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Now on Display in the Biddle Law Library: “Law Triumphant” and the Dreyfus Affair

January 12, 2009


Happy 2009!

To ring in the new semester and the new year, the Biddle Law Library has a couple of new exhibits in our reference area and the Rare Book seminar room.

Violet Oakley’s Law Triumphant

In our main exhibit case is displayed selected plates from Violet Oakley’s Law Triumphant.  A native Philadelphian, Oakley studied painting at the Drexel Institute for Women (now Drexel College).  She was heavily influenced by the symbolism and optimism of the Pre-Raphelite era. 

Oakley became famous for a series of 43 murals painted in 1905 in the Pennsylvania State Capitol Building in Harrisburg.  Each mural depicted some of the major figures in the development of the law, from Moses to Blackstone to William Penn.  Oakley is arguably the finest woman muralist, and her murals for the State Capital remain her signature commission. 

In the 1930s, Oakley published Law Triumphant, which included color plates of her murals.  A limited edition, only 300 copies of Law Triumphant were published.  The Biddle Law Library is fortunate enough to own two copies, and they are on display now.

Le Petit Journal Covers the Dreyfus Affair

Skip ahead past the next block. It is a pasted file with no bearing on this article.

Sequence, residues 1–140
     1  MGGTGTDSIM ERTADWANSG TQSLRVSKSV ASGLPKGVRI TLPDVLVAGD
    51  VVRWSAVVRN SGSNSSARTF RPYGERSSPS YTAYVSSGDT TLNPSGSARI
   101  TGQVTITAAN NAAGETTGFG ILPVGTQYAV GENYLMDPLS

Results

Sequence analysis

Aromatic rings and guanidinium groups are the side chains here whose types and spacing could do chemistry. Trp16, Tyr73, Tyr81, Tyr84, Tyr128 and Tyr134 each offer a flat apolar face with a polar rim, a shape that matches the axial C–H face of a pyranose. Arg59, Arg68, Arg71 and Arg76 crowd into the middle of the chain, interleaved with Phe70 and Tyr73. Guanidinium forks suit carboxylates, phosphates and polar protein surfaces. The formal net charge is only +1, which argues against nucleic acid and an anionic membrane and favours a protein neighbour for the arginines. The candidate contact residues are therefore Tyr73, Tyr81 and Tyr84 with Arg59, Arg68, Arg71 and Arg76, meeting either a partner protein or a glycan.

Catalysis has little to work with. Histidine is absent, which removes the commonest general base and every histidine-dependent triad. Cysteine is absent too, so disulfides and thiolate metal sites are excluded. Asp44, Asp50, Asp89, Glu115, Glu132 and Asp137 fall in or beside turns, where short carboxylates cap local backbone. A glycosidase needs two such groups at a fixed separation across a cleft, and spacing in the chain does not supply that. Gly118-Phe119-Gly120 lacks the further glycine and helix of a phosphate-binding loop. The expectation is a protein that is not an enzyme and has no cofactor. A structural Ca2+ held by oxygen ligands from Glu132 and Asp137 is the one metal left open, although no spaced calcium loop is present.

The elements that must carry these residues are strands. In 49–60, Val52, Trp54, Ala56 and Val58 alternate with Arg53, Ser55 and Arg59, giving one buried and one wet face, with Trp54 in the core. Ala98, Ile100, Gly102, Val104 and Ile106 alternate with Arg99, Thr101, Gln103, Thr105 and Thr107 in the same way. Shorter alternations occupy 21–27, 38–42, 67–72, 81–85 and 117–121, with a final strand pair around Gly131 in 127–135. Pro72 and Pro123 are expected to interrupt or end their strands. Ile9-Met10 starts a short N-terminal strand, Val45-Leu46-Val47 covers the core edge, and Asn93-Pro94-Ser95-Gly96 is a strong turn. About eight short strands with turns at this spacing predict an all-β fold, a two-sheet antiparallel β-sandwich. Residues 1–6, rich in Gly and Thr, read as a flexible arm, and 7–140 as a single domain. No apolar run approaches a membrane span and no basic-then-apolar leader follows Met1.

The remainder of our exhibit space has been devoted to images from The Dreyfus Affair, a political scandal that rocked Paris in the late 19th century and early 20th centuries.  Regarded as the major political and cultural event of the era, the Dreyfus Affair also touched on a range of legal issues, including the separation of church and state, libel and religious freedom.

Our exhibition presents the Dreyfus Affair through the lens of one particular contemporary perspective: the pages of Le Petit Journal. This newspaper was in popular circulation in Paris during the Dreyfus Affair, taking advantage of innovations in color printing to publish colorful, full-page illustrations.  Le Petit Journal was very much part of the media frenzy surrounding the Dreyfus Affair, publishing daily articles and illustrations depicting some of the main characters of the saga, including Emile Zola, Paul Deschanel, Ferdinand Walsin Esterhazy, and Alfred Dreyfus himself. 

The exhibition begins in the reference area and continues in the Rare Book Seminar room.  We hope you enjoy this glimpse into the Biddle Law Library’s impressive Special Collections, and we look forward to bringing you more in 2009.